Runners have injuries from the way they run while hitting an uneven surface on the road or on the trail which produces a painful problem for them. The most frustrating thing for them is to find a solution so they stop hurting.
When we evaluate people for running injuries, most of the tests we perform in-office give us a good deal of information and the procedure is to evaluate, treat, challenge, treat and repeat. Unfortunately, insurance companies do not have an appropriate way for a doctor to appropriate an hour of their time to enable them to go through all the possibilities with a patient.
I have done this often by taking care of them, having them run around the block a few times, and then reevaluate to see if the problem we are taking care of resolved. It is still quite difficult to use the insurance model to give adequate time to fulfill the needs of a patient. Some doctors, like myself, will schedule the patient at a time where they can give the time ( not reimbursed ) to adequately test out the problem until the patient finally feels relief on that visit.
Patients bring in videos of them on the track. It allows me to see how they are running and to spot possible problems that my other analysis would not see. Ultimately, the best tool to have is a treadmill, which allows this analysis to take place without having to follow the runner.
This past weekend, I had a patient who was having a problem after stepping on something during a run that twisted her ankle. She stated that her calf by the knee was painful after the incident. Her past two visits to our office were helpful but she still had to stop running after a mile or so due to pain. I suggested she get on the treadmill after working on her problem. After turning up the speed, it was obvious her lower body stride was good but the upper body had much more rotation on one side than the other. I worked on a number of things and had her get on the treadmill again. I was determined to help her get through her race in two weeks, and time was not on our side. After working on her upper body and her hip flexors, she noticed that her calf began to get sore again but felt greatly improved. On the treadmill, her upper body was moving more appropriately and more symmetrically. She also noticed she was not working as hard.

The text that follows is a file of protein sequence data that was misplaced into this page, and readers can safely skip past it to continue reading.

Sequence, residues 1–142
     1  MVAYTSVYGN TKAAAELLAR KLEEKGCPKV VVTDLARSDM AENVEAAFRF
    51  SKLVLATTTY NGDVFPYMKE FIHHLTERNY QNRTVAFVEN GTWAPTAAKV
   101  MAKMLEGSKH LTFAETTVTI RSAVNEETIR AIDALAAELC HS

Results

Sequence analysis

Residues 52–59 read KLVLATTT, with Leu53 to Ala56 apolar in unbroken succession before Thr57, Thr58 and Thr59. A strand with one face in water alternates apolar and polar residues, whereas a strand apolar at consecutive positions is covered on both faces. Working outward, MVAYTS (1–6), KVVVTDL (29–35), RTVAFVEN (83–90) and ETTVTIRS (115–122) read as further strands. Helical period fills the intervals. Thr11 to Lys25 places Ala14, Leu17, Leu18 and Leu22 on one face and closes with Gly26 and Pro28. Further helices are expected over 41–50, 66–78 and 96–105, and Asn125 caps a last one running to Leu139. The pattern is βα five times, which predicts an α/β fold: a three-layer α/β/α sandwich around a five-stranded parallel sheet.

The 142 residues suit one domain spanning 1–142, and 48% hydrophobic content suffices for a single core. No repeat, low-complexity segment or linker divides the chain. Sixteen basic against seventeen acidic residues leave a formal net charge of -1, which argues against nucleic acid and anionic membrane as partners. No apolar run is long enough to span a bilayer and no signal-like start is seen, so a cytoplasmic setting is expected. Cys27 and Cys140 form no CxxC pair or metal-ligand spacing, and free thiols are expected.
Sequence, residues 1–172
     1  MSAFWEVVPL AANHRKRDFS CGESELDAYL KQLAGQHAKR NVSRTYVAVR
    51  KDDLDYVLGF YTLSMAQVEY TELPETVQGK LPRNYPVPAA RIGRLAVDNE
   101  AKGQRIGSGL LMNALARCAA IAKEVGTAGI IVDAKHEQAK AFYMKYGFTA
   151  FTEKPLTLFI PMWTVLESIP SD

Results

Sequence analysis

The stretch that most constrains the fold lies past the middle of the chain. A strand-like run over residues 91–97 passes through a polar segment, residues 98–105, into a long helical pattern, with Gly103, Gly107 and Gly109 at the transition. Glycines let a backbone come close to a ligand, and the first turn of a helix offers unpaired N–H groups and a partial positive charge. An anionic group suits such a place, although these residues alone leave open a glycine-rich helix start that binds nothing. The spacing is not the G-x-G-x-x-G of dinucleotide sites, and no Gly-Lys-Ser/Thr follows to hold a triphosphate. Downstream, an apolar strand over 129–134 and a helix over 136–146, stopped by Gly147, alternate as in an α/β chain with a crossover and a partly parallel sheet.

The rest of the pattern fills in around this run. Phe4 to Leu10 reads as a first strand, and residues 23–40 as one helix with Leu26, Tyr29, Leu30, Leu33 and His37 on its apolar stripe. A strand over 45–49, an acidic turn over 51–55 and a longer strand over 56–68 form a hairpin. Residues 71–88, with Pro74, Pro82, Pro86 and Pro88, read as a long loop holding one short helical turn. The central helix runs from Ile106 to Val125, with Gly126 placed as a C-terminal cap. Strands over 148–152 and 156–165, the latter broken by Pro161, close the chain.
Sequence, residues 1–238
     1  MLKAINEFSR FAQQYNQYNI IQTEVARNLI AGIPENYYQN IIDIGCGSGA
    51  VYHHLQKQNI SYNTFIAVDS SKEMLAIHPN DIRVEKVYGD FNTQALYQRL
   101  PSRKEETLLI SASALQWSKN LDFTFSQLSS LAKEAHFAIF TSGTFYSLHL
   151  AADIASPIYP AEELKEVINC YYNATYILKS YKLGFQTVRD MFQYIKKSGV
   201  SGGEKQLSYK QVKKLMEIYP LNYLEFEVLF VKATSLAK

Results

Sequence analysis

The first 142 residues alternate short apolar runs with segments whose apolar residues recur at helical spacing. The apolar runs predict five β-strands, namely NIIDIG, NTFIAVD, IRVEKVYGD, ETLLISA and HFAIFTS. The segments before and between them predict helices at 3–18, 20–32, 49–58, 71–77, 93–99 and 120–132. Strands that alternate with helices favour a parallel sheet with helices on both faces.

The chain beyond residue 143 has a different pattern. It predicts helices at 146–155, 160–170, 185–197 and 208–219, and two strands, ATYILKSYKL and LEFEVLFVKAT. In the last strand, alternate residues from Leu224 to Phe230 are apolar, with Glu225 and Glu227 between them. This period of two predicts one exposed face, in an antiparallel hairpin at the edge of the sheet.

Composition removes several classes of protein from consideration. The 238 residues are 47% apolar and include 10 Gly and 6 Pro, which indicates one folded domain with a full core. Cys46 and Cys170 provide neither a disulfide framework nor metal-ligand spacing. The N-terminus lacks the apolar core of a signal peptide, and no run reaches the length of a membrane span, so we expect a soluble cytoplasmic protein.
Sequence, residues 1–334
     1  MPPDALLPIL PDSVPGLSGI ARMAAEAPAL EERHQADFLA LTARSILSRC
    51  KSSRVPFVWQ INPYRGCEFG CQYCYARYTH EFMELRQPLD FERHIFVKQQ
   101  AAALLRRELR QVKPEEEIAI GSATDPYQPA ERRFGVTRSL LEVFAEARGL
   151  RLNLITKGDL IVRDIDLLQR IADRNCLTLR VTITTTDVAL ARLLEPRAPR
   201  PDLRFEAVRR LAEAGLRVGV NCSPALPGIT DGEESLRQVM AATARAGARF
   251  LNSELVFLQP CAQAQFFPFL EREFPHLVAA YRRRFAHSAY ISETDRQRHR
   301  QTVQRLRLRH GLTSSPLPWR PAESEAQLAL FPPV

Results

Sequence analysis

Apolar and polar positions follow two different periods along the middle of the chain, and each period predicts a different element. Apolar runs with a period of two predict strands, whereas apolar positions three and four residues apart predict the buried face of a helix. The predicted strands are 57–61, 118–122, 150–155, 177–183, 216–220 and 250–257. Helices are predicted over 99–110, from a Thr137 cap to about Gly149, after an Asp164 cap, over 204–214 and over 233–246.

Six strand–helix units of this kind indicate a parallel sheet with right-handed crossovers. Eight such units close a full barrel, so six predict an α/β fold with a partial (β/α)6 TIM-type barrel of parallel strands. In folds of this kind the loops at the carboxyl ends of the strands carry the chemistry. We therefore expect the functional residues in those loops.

Using the treadmill to diagnose and assist in treatment.
This is an example of treadmill diagnosis and treatment. The treadmill allowed me to see her problems on a short video while she ran in place, something you cannot do on a track. I also looked at her symmetry in both the upper and lower body as her speed increased on the treadmill. Symmetry in runners is vitally important for how we impact the ground and how efficiently we run.
Treadmills are often used to sell running shoes at stores such as RoadRunner, although they are often not used diagnostically. This type of problem in the upper body would surely have been missed without visually watching the person on the treadmill.
Chiropractic sports physicians are uniquely qualified since they are primary care for musculoskeletal problems and evaluate from a holistic point of view. This means they will look at you, not just the painful area. To fully understand, prevent and properly treat injuries, you and the doctor must understand why you are in pain and address the cause, rather than the symptom. I full-body approach to care results in better runs, fewer symptoms, and improvements in running style as you are able to move better. A problem that developed into a poor running style over many years may take time to correct, but years later will result in fewer injuries, better running times, and experiences.
Treadmills if used properly can help diagnose running and other problems in the general public. If you have difficulty diagnosing a problem in the shins, back, or legs, ask for a treadmill evaluation.
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